These modes are rarely used for extended periods of time. They are typically used when a pacemaker dependent patient is undergoing a surgical procedure that uses electrocautery that could be sensed by the pacemaker as native electrical conduction, which would inhibit pacemaker output and subsequently the patient could have profound bradycardia or even asystole. There is a small possibility that pacing in an asynchronous mode could induce a pacing stimulus in the vulnerable period (on the T wave), which could potentially induce a lethal ventricular tachyarrhythmia.


While there are no absolute contraindications to pacemaker implantation, there are several factors that must be considered prior to implantation and which may alter the timing or approach to implant. These include vascular access difficulties, concurrent infection, bleeding diatheses, or need for future MRI. If access cannot be obtained percutaneously due to vascular thrombosis or occlusion, a surgical epicardial approach may be considered or rarely venous angioplasty.

Pacemaker implantation is generally not performed when the patient has a concurrent infection, and is typically deferred until the active infection is appropriately treated. In some instances, active bleeding diatheses will preclude implantation until the bleeding is controlled.

Pacemakers, however, are often implanted in patients with therapeutic international normalized ratio (INR) and who are concurrently taking one or more antiplatelet medications. Thoughtful consideration should also be given to the patient who will require multiple MRIs in the future. MRIs are considered contraindicated in patients with implanted pacemakers, although there is reported experience that in selected cases off-label MRIs can be performed with reasonable safety. The FDA has recently approved a pacemaker generator and lead model with which the safety of some types of MRI studies have been formally documented, and on-label MRIs can be performed in patients whose pacing system is comprised of these components.

Details of how the procedure is performed

Procedures to implant transvenous pacemakers are considered low-risk. In adults, implantation is nearly always performed with intravenous conscious sedation and local anesthesia in an electrophysiology (EP) laboratory or an operating room. General anesthesia is often used in children and others thought to be poor candidates for conscious sedation.

In the vast majority of instances, a pacemaker can be implanted in the upper pectoral region via a transvenous approach. The patient is administered conscious sedation and perioperative antibiotics by the anesthesiologist or the nursing staff, who also monitor the patient’s heart rate, blood pressure, oxygen saturation, and general condition during the operation.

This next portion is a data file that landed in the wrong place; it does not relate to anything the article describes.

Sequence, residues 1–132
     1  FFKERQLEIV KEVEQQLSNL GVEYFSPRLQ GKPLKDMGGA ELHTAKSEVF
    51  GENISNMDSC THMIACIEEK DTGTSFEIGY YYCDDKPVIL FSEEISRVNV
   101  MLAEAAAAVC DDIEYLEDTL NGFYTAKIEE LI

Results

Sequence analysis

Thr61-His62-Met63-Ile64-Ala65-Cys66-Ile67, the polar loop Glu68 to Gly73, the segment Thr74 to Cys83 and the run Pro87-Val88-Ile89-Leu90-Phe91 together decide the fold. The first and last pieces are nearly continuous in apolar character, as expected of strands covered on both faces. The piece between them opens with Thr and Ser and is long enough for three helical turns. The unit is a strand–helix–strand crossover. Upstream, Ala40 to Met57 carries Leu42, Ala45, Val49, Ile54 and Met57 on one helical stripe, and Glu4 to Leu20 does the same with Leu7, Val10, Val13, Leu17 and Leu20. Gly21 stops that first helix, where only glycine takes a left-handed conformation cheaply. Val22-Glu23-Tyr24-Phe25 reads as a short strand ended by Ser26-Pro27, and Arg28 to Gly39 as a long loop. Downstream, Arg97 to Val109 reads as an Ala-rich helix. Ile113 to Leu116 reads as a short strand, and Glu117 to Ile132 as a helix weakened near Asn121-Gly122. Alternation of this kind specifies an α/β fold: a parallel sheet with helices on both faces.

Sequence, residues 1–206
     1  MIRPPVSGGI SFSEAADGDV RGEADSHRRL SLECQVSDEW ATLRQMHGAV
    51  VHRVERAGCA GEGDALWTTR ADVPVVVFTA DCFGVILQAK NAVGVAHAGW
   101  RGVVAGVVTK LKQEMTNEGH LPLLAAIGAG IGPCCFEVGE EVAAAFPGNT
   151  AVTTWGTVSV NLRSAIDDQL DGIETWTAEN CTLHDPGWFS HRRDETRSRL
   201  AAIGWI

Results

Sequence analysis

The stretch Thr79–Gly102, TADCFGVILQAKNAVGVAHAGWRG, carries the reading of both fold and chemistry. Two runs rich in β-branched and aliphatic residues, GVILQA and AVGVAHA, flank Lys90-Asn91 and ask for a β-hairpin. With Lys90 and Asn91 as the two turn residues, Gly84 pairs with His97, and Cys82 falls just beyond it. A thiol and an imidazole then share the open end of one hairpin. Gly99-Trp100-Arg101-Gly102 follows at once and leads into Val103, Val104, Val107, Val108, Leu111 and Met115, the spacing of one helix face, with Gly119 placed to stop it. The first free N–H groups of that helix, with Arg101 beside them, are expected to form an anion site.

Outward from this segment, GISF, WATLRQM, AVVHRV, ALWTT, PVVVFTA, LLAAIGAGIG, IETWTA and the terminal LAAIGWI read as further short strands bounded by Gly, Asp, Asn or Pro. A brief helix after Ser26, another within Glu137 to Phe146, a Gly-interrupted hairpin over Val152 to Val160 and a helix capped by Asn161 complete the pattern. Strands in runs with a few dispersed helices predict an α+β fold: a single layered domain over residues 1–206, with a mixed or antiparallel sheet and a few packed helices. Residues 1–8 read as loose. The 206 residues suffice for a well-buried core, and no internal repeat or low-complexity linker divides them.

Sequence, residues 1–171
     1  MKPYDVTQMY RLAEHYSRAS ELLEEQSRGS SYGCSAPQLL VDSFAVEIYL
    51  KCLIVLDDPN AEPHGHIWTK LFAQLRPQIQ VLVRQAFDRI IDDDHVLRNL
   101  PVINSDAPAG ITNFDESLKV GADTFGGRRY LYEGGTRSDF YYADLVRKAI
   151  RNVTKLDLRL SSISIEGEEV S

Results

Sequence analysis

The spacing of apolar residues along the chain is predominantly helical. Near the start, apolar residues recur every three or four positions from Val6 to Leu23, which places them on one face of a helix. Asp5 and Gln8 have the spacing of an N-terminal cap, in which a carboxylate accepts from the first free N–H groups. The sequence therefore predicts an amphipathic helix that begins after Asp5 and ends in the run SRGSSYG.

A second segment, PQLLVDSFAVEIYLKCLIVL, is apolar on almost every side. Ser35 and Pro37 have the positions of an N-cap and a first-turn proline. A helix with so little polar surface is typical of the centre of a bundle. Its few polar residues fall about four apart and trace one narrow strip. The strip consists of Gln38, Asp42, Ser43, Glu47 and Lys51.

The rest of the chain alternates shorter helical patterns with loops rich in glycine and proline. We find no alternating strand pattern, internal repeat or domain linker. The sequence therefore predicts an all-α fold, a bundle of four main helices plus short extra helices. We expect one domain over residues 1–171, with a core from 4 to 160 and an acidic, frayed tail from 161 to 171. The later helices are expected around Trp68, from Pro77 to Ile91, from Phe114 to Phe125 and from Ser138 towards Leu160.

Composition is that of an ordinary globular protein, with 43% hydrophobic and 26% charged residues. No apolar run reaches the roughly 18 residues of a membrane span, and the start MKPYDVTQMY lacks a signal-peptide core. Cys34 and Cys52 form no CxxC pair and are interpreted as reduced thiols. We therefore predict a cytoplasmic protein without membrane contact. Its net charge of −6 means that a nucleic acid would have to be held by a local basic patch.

Subcutaneous lidocaine is administered and a 4 to 5 cm infraclavicular incision is created. Electrocautery dissection is carried down to the level of the prepectoral fascia and a pocket large enough to accommodate the pacemaker is also created.

Venous access is obtained either with subclavian vein puncture, axillary vein puncture, or cephalic vein cutdown. Guided by fluoroscopy, leads are then advanced to the appropriate chambers and secured to the endocardium. Pacing impedance, sensing, and capture thresholds are measured; if not acceptable then repositioning of the lead is required.

Once a lead is placed, it is sutured to the prepectoral fascia near the venous entry site using a suture sleeve for stability. Each lead is then plugged into the appropriate port of the generator’s header and secured with set screws. Typically, the pocket is then irrigated using an antibiotic solution. The pocket is finally closed using two or three layers of suture.

The incision is then covered with an occlusive dressing. Device parameters are programmed at the end of the procedure prior to the patient departing from the lab. Following the procedure, a chest x-ray should be obtained to assess for lead position and any perioperative complications such as pneumothorax. The patient is typically observed in-hospital overnight. Device function is rechecked the morning after the procedure to ensure appropriate sensing, capture thresholds, and lead impedances.

Outcomes (applies only to therapeutic procedures)

In the vast majority of patients, pacemakers are implanted because of symptomatic bradycardia. Implantation of a pacemaker is very effective in alleviating the symptoms of bradycardia. Failure to respond to pacing therapy should raise doubt about the original diagnosis that symptoms were in fact secondary to bradycardia.

Alternative and/or additional procedures to consider

There are few alternatives to consider when it comes to pacing therapy. If pharmacologic therapy is a suspected cause of symptomatic bradycardia, consideration can be made to eliminate the medication unless it is thought to be essential for the patient. In the setting of tachy-brady syndrome ,where bradycardia is secondary to an antiarrhythmic drug, ablation could certainly be considered as an alternative to the antiarrhythmic drug, avoiding the need for pacemaker implantation. In patients with symptomatic bradycardia in the setting of neurocardiogenic syncope or carotid sinus hypersensitivity, lifestyle modification and avoidance of triggers may be successful strategies and avoid the need for pacemaker implantation.

Complications and their management

Procedures to implant transvenous pacemakers are considered low-risk. In adults implantation is nearly always performed with intravenous conscious sedation and local anesthesia. General anesthesia is often used in children and others thought to be poor candidates for conscious sedation.